Day 377 Teaching the truth about NP? Really?

A little more on the change of heart within the EdMin:

Ministry wants pro-nuclear power message out of schools

by Umimasa Yoshida

In light of the accident at the Fukushima No. 1 nuclear power plant, the education ministry wants the plug pulled on pro-nuclear power instruction in Japanese classrooms.

The education ministry has decided to lift the requirement that at least 30 percent of a school education subsidy, nominally aimed to promote the use of nuclear power, be used on the education of nuclear power instead.

“The government as a whole used to promote the use of nuclear power until the Fukushima disaster, but there are a diversity of opinions on energy policy now,” said Kazuhiko Ikegawa, who heads the education ministry’s Office for Regional Relations for R&D Facilities. “There is a need to learn about the negative aspects of nuclear power generation.”

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Nuclear commission endorses Oi reactors’ initial stress tests

TOKYO, March 23, Kyodo

Japan’s Nuclear Safety Commission endorsed Friday the results of initial stress tests on two idled reactors at the Oi power plant in Fukui Prefecture, moving procedures for their reactivation to the final stage.

The five-member commission, tasked with supervising the government’s nuclear safety regulations, took the action at an extraordinary meeting on the matter, which finished after about five minutes amid angry voices from nuclear opponents who observed the meeting.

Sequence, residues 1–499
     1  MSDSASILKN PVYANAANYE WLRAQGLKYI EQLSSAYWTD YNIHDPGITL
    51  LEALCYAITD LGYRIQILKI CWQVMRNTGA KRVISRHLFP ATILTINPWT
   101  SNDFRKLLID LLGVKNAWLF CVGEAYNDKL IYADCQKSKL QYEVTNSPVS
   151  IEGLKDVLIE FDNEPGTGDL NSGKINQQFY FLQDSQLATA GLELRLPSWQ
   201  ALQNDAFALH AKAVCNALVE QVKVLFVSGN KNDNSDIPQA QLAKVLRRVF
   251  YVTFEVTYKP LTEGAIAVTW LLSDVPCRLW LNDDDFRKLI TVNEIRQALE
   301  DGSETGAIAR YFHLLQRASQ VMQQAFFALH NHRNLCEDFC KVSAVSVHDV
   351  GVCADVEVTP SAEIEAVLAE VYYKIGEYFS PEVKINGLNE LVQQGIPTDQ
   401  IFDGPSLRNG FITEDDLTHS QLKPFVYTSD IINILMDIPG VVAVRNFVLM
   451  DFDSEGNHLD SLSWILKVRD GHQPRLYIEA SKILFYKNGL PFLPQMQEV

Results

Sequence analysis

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Gov’t aims to secure two-thirds of voting rights to reform TEPCO

The government aims to secure more than two-thirds of voting rights to bring Tokyo Electric Power Co., (TEPCO) under state control and drastically reform the operator of the crippled Fukushima No. 1 Nuclear Power Plant, according to a comprehensive business plan whose details were made available to the Mainichi on March 22.

TEPCO and the governmental Nuclear Damage Liability Facilitation Fund are currently working to map out the business plan within this month. Leaders of the Ministry of Economy, Trade and Industry (METI) and the Ministry of Finance (MOF) agreed to set the ratio of voting rights — the focus of debate on TEPCO’s future — at more than two-thirds with certain conditions.

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US Gov’t: Widespread contamination throughout northern Japan, including Tokyo — “Entire region would be required to be posted as radiological area”

Subject: RE: Draft read-out 1600 Telecon 04/07/11 Low Level Radioactive Waste Disposition
Date: 04/08/2011 12:53 PM

Dr. [Deanne J. Idar, CIV OSD POLICY],

Given that much of the call was spent describing the current radiological status on the ground in Japan, I think a short summary of that status would be useful in the telecon summary. Here is a proposed paragraph:

“The nuclear accident in Japan has resulted in widespread deposition of radioactive contamination throughout the northern part of Japan, including the metropolitan Tokyo area. Surface contamination levels in this entire region would be required to be posted as radiological area if they were at a U.S. licensed facility or DOE site. Any materials leaving Japan have the potential for low levels of radioactive contamination. Thus, the discussion about materials in DOD possession is indicative of similar materials that are entering commerce from Japan. In the DC and IPC meetings earlier this week, it was agreed that the limit of 4 Bq/cm2 for commerce was going to be acceptable and posed no health risk.”